My last post provides evidence that income inequality has increased more under recent Democratic presidents than under Republican presidents. Here is a brief summary of the argument:
Cheap money is of greatest value to those who have access to it.
The effects of the Bush housing bubble (in the 2000s) were more evenly distributed than for the Clinton stock market bubble (in the 1990s) or the Obama credit bubble.
Two earner households are the backbone of the American middle class.
During the first six years of the Obama presidency, the number of two-earner households declined, the number of single-earner households rose by 2.6 million and the number of no-earner households rose by 5 million. In other words, two-thirds of the increase in the number of households under Obama is accounted for by households with no-one working. This largely accounts for the shrinking middle class and the increase in inequality.
Another way to consider this situation is to look at the labor force participation rate which has been steadily decreasing since the year 2000. As the above chart shows, this trend is expected to continue indefinitely in the same downward direction. Along with a slowing increase in the productivity rate, this constrains the U.S. economy’s capacity to expand. Clearly what is needed is faster economic growth in order to create more jobs and better paying jobs. The way to accomplish this is with:
Tax Reform. Lower individual and corporate tax rates for all paid for by shrinking deductions and closing loopholes. More money in the hands of the middle class will stimulate demand. More money in the hands of small business will stimulate supply.
Expanded Earned Income Tax Credit. Putting more money in the pockets of low-income and marginally employed workers will encourage more of them to find work and stay in the workforce.
With all the headwinds holding the economy back, our national leaders (and would be leaders!) ought to be focusing much more attention on taking specific actions which would speed up economic growth.
The latest news on the American economy is mixed. The unemployment rate fell to 5.9% in September but the labor force also fell by 97,000 last month. The labor participation is now down to 62.7%, a level last seen in 1978. On the plus side 248,000 new jobs were created but the share of the population employed stayed at 59%, less than its 59.4% level at the end of the recession in June 2009. In other words, job growth is definitely picking up but not fast enough. How about income inequality? One simple way of describing and understanding the degree of income inequality in the U.S. is to look at median household income and how it changes over time. The above chart from the WSJ shows how the median U.S. household income fell from an all-time high of $56,895 in 1999 to $51,939 in 2013. However it also climbed back up to $56,436 in 2007 before dropping precipitously until 2012. The Global Strategy Group discovered in a recent survey that registered voters overwhelmingly rate economic growth as a higher priority than economic fairness. This means that any policy designed to speed up economic growth is likely to receive favorable support by the electorate.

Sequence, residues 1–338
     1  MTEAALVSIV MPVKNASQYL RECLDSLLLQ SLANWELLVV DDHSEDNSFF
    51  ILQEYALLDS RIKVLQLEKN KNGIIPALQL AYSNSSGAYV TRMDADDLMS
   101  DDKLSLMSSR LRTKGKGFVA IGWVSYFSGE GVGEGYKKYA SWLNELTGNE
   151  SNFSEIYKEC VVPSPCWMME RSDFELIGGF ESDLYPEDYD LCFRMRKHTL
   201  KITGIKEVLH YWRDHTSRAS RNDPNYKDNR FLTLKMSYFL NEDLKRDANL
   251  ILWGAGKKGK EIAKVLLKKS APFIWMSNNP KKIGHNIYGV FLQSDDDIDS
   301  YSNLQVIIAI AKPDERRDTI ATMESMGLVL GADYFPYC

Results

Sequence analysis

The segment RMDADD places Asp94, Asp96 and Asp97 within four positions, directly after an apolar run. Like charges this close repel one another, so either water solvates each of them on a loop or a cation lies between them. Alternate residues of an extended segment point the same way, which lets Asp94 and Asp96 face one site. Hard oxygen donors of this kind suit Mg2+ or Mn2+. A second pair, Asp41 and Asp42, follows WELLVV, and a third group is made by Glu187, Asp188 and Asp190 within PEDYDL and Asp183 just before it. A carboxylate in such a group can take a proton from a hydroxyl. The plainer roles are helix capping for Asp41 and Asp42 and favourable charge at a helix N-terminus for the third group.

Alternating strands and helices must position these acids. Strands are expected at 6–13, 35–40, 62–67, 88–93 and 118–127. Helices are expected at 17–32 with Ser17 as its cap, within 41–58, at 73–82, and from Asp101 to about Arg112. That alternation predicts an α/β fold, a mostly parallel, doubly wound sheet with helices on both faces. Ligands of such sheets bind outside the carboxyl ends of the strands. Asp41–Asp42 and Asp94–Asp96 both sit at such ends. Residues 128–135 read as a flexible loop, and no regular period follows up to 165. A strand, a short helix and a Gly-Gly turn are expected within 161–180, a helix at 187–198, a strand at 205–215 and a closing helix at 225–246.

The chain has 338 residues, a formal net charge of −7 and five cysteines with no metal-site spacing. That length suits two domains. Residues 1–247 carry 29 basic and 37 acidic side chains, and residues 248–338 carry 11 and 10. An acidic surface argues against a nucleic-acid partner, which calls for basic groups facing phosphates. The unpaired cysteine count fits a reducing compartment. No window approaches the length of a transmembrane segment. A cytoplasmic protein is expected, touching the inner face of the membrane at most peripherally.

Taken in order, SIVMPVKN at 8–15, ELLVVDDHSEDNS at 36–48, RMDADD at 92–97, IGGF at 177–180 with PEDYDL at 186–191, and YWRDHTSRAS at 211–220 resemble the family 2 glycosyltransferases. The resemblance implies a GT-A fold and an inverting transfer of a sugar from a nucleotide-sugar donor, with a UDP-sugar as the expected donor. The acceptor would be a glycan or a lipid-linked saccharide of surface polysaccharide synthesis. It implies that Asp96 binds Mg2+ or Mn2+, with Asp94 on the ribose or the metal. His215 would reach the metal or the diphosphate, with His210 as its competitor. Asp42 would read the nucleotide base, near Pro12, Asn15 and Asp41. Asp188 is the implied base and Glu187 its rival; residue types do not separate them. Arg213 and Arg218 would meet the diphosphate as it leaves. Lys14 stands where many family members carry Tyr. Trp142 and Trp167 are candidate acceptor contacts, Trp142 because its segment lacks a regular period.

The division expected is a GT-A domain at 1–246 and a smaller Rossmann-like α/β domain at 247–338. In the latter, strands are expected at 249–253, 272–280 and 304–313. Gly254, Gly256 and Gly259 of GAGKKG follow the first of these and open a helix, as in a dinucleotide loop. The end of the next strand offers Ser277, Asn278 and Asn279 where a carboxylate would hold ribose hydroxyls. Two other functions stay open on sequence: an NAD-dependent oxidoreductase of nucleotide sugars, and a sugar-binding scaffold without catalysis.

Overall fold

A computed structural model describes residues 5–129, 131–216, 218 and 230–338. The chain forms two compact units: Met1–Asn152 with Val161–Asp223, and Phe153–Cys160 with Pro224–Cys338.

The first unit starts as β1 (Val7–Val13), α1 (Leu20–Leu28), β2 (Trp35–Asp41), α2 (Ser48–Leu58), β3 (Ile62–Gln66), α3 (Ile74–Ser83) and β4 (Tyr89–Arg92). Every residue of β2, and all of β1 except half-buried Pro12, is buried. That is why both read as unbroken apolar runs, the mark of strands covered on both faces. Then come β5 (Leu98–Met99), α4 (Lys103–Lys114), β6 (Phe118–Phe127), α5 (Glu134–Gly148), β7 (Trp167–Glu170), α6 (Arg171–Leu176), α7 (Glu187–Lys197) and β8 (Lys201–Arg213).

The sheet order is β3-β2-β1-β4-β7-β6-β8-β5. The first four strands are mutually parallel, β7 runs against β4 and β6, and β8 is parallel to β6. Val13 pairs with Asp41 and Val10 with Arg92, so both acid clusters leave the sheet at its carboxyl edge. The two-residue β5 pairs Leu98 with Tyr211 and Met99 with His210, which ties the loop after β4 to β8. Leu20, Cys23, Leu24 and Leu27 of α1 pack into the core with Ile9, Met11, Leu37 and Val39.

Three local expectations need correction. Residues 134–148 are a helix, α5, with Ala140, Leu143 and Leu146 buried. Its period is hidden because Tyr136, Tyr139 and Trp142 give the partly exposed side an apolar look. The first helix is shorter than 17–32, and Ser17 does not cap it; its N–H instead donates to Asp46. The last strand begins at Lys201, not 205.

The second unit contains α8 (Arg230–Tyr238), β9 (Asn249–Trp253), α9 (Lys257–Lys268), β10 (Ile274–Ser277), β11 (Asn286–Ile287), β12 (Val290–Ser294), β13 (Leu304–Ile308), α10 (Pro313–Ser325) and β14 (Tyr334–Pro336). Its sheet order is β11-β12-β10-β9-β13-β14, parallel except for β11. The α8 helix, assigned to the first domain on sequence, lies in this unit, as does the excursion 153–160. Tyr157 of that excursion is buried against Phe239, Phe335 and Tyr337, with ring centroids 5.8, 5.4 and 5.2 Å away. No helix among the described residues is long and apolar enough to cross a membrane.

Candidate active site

In a recent post I describe a plan for broad-based tax reform specifically designed to speed up economic growth. It would involve an across-the-board cut in tax rates totaling about $500 billion per year, but completely paid for by closing loopholes and deductions which primarily benefit the wealthy. The 64% of taxpayers who do not itemize deductions would receive a tax cut. And they would likely spend this extra money in their pockets because they are precisely the middle- and lower-income wage earners with falling incomes.
An income tax redistribution like this would greatly reduce inequality but in a way which is designed to give the economy a big boost!
Several of my recent blog posts have addressed various issues relating to our slow growing economy. In particular I have proposed a simple way to speed up economic growth: namely, broad-based tax reform at both the individual and corporate levels. The idea is to lower tax rates across the board, paid for by closing loopholes and shrinking deductions. At the individual level this could have the effect of putting as much as $250 billion per year in the hands of the middle and lower income wage earners who will surely spend most of it, thereby giving the economy a big boost. The U.S. corporate tax rate is not internationally competitive.
In today’s New York Times the economics writer, Neil Irwin, has an article “Why Is the Economy Still Weak? Blame These Five Sectors.” The five sectors are, in order of magnitude of effect: housing, state and local governments, durable goods consumption, business equipment investment, and federal government. See the chart below. Let’s look in turn at each of these top five barriers to faster economic growth:
Housing. Not at all surprising with 24 million people either unemployed or underemployed. Young people especially cannot afford to buy their first home today.
State and Local Governments. These governmental units have to balance their budgets. When people have more money to spend, tax revenues will increase and so will public spending.
Durable Goods Consumption. These same 24 million people aren’t buying much new furniture or many new cars either. It makes complete sense.
Business Equipment Investment. Lower corporate tax rates will incentivize our multinational firms to bring their foreign profits back home for reinvestment.
Federal Government. Unfortunately nothing can be done about this category! Federal deficit spending is way too high as it is and must come down.
Conclusion: Using broad-based tax reform to put a large amount of money in the hands of middle and lower-income wage earners, and also reforming corporate taxes, will boost spending for four of the five main barriers to faster economic growth. Why don’t we do it?